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Saturday, 2 March 2013

Donkeys’ Years, by Michael Frayn, Reviewed.

First produced at London’s Globe Theatre in July 1976 (coincidentally the year in which my novel, Breaking Faith, is set, and a year of drought and heat wave in UK), this three act play is another demonstration of Frayn’s very British humour.

Although described simply as a play in three acts, this is much more like a farce, in the true British, dare I say English?, tradition. If not actually a farce, it could be taken as a parody of the style. It has all the ingredients: sexual misunderstandings, English sexual reserve, hypocrisy disguised as custom, bedrooms and, of course, the loss of clothes for the female and trousers for the male. I imagine the reader would have to become watcher in order to determine whether this is truly farce or the parody I suspect.

It is, of course, full of humour, poking fun at the stuffed shirts of academia, politicians and the servile subclass of those who serve such pretentions. There is much repetition, which, on the page can be a little wearying but on stage would work a treat, given good actors. The action is confined to a single location for each of the three acts and this serves to emphasise the claustrophobic and sheltered nature of the attitudes encapsulated by the cast. These are people who have no understanding of what most of us would call the ‘real world’. Privileged, spoilt and elevated beyond their natural abilities, they posture and pose their way through life completely unaware of the priorities faced by ordinary people outside their favoured circle.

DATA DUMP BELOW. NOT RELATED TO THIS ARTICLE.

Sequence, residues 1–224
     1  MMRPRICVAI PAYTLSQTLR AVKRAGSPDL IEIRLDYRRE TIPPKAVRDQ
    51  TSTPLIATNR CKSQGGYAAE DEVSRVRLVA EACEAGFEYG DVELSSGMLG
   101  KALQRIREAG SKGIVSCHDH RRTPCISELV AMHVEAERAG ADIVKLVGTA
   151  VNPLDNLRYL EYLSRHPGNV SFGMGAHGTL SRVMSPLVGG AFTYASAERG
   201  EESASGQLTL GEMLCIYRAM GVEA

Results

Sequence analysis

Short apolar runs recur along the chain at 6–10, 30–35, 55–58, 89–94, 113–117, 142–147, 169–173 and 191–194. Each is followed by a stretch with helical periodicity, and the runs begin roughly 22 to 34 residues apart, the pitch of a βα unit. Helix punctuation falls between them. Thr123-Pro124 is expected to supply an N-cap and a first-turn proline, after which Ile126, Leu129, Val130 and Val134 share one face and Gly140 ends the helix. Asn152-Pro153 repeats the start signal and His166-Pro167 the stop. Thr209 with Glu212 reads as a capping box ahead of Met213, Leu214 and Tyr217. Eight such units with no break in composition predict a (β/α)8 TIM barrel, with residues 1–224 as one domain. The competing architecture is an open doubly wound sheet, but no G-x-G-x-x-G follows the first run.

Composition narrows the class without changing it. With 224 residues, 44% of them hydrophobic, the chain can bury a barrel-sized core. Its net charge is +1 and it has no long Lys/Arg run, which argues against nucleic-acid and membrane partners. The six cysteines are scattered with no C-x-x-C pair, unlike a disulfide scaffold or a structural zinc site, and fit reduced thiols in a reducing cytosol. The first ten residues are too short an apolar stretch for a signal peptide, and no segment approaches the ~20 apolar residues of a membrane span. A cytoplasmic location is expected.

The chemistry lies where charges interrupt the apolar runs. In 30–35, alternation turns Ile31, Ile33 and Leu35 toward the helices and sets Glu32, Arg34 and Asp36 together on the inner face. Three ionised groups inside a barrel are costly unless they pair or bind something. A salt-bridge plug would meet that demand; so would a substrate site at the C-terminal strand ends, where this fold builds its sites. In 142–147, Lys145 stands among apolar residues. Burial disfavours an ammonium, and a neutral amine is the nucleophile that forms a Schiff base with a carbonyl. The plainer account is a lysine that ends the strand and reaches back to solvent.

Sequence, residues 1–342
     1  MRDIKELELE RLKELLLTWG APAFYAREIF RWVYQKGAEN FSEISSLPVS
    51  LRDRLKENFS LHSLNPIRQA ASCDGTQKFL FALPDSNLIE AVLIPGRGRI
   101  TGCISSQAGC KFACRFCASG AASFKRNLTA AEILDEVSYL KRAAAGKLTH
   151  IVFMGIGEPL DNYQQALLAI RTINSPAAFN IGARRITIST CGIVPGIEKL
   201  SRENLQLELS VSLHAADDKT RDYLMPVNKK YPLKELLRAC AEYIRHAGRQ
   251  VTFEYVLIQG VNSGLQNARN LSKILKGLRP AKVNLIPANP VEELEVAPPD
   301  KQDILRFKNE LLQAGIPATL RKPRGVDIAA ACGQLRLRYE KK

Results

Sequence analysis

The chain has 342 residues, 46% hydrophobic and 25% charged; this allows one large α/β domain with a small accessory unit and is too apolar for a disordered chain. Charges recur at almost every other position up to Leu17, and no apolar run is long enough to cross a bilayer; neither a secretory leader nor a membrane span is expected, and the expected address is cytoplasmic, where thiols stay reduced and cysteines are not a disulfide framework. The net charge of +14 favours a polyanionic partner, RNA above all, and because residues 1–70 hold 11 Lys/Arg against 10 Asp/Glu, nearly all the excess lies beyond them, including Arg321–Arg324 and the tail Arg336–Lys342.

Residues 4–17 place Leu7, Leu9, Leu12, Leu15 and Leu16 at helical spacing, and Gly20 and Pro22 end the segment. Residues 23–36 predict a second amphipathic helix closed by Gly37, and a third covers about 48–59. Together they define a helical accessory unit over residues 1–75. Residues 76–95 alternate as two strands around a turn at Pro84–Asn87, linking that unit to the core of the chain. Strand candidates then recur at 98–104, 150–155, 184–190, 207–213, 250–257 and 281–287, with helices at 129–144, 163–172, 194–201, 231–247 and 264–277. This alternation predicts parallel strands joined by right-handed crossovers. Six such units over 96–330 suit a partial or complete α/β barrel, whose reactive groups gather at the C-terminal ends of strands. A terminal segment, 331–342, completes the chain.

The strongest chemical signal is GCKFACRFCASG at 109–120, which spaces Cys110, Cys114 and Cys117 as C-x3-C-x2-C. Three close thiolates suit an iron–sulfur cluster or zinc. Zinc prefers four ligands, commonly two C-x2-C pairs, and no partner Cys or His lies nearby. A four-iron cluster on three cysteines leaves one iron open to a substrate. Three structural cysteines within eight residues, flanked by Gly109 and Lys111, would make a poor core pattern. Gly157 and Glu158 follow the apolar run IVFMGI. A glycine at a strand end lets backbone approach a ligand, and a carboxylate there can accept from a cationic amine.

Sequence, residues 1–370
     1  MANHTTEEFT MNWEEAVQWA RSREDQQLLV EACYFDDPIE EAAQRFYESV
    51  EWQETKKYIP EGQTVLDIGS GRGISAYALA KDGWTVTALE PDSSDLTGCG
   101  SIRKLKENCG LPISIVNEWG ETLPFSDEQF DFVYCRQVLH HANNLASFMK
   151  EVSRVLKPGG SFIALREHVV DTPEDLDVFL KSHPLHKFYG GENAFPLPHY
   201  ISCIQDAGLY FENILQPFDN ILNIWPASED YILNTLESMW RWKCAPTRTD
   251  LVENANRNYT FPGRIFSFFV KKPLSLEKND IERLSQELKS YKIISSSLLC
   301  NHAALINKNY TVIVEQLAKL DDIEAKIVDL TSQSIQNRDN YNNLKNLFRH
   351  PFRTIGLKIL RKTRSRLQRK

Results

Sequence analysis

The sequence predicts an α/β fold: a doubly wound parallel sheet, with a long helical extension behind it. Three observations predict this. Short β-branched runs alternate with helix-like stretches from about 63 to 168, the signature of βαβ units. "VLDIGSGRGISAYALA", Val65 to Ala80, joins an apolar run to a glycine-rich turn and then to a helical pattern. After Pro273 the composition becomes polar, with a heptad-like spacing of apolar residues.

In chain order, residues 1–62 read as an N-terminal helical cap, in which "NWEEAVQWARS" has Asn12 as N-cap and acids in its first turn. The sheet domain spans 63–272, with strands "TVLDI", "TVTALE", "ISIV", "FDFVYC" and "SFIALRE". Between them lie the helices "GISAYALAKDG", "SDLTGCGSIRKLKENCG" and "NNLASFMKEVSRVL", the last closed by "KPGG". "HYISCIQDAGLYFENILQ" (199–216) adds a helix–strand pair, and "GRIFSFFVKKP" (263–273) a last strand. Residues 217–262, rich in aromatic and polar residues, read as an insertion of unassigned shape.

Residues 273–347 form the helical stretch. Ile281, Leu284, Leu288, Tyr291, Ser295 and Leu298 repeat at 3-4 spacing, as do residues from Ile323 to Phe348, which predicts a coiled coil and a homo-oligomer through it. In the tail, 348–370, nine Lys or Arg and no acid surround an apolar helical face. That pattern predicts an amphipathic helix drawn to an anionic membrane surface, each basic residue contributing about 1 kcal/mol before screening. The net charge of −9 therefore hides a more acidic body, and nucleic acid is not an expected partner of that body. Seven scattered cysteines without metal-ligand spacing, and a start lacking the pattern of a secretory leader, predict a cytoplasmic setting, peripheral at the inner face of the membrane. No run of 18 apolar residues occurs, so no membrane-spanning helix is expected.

The thread of lust, disguised as admiration until alcohol allows for honesty, permeates the play. The single female representative is the focus of all male attention, apart, of course, from that of the gay vicar (another stock character of English farce). There is little concern for the damage done to either lives or property by their barbs and actions. The level of achievement for most of the protagonists is well above their natural abilities and is an effective way of pointing out how birth and class can elevate beyond desert.

So, a social statement, but one so well submerged in humour that it may be missed by the less attentive. And the humour is brilliant. It had me laughing out loud and frequently, much to the distress of a fellow worker who shared the small room that serves as a temporary sanctuary from the busy and noisy office in which I perform my day job. The jokes come thick and fast, many derived from simple misunderstandings made clear to the audience but hidden from the characters.

I thoroughly enjoyed this play and would definitely attend a theatre for a performance.

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